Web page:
Additionally, the camera can distinguish between multiple faces within a scene, and with its face selection system it will let you jump between faces using the joystick or will automatically prioritise whichever face appears nearest to the camera. In use, I found it excellent, tenaciously sticking to faces even with competing subjects.
As mentioned earlier, the X-T4 features the same sensor and processor as the X-T3.
In recent years, Fujifilm’s name has become synonymous with its flagship “medium format” digital cameras that continue to push the limit of what sort of resolution and image quality is attainable for consumers. And it’s tempting to think that these innovations have trickled down to models such as the X-T4 and X100V.
As you might expect, the X-T4’s sharpness, dynamic range and ISO performance are all top-notch for an APS-C sized sensor. Perhaps what most ardent fans of Fujifilm cameras talk about is the “Fuji colours” that come straight out of camera. It’s great to see the addition of Fujifilm’s film emulation modes such as Eterna, Velvia, and Provia that are a great way to quickly and easily tune settings for landscape, portrait, or everyday shooting.
Videographers and those who like to shoot motion have not been forgotten in the upgrades from the X-T3. Video features remain largely similar, including uncropped 4k up to 30p, or up to 60p with a 1.18x crop. There’s also 10-bit internal recording at 4:2:0 or externally over HDMI at 4:2:2.
New to the X-T4 is a higher frame rate 1080 mode, operating up to 240fps for a 10-times slow-down on 24p output.
Finally, the ergonomics have seen some tweaks for video, most notably the selector switch beneath the shutter speed dial that previously allowed altering of metering modes on the X-T3 has been replaced with a quick and easy movie mode switch on the X-T4.
But perhaps more importantly, the camera now boasts completely separate still and movie menus meaning settings such as colour profiles remain in place when switching from one to the other – perfect for versatile, run-and-gun shooters.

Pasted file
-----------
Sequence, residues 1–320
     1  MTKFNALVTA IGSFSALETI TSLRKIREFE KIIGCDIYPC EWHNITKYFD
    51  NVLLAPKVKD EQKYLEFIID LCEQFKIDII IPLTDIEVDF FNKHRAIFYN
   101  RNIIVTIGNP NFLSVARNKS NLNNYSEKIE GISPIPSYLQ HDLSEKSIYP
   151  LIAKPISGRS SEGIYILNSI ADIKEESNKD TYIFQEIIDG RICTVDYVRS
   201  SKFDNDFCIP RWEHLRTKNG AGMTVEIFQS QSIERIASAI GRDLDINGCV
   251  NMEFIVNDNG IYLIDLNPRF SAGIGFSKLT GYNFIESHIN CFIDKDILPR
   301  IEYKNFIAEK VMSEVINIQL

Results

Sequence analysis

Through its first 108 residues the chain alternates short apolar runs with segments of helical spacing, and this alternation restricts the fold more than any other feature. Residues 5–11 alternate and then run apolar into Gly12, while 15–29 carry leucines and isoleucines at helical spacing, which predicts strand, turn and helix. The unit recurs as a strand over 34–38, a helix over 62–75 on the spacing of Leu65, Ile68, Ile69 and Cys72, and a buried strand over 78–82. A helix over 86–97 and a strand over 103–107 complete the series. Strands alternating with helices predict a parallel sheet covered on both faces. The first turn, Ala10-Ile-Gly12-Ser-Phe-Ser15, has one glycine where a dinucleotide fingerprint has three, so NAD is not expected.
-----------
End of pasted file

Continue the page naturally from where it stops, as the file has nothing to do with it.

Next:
With a number of serious feature upgrades, a bigger, more robust build quality, and solid improvements to its AF system, the X-T4 is not leaps and bounds ahead of its predecessor, but Fujifilm’s choice of exactly where to focus the improvements on this model are certainly on the money.
But even with the more “pro” feel to the X-T4, for those still yet to earn their full pay cheque from photography, this camera remains a charming tool to use. Combined with Fujifilm’s excellent retro styling and large dials, the X-T4 is one of the most usable cameras on the market.
HANDLING ★ ★ ★ ★
For anyone coming to this system from a DSLR or from a number of other mirrorless cameras on the market, the X-T4 is going to feel dainty in your hands for the first few excursions. But Fujifilm’s retro-styled dials and buttons are built well and are a joy to use.
FEATURES ★ ★ ★ ★
No doubt it’s the stabilisation system that will be a big drawcard for many, but that tilting screen might go just as far in deterring or attracting others. Regardless, Fujifilm continues to innovate in this line and the X-T4 is no exception.
EXPOSURE ★ ★ ★ ★
With very responsive tracking and ultra-intelligent face detection modes, the X-T4’s autofocus holds its own and will have wedding and street shooters rejoicing.
IMAGE QUALITY ★ ★ ★ ★
Don’t expect full-frame image quality, but there’s certainly enough here to keep most users happy, even for large-sized printing.
VALUE FOR MONEY ★ ★ ★ ★
The X-T4 sits alongside alternatives from Sony, Canon, and Nikon at a competitive price point. With the added stabilisation and improved AF capabilities, it’s a great iteration of the line to jump in and get some good bang for your buck.
Fujifilm has done a great job of enhancing its X-T series without compromising its charm and usability. If you’re in the market for a cropped-sensor camera with great stabilisation, solid autofocus, and excellent image quality, it’s hard to ignore the X-T4.
This article first appeared on the website of our sister publication, Australian Photography.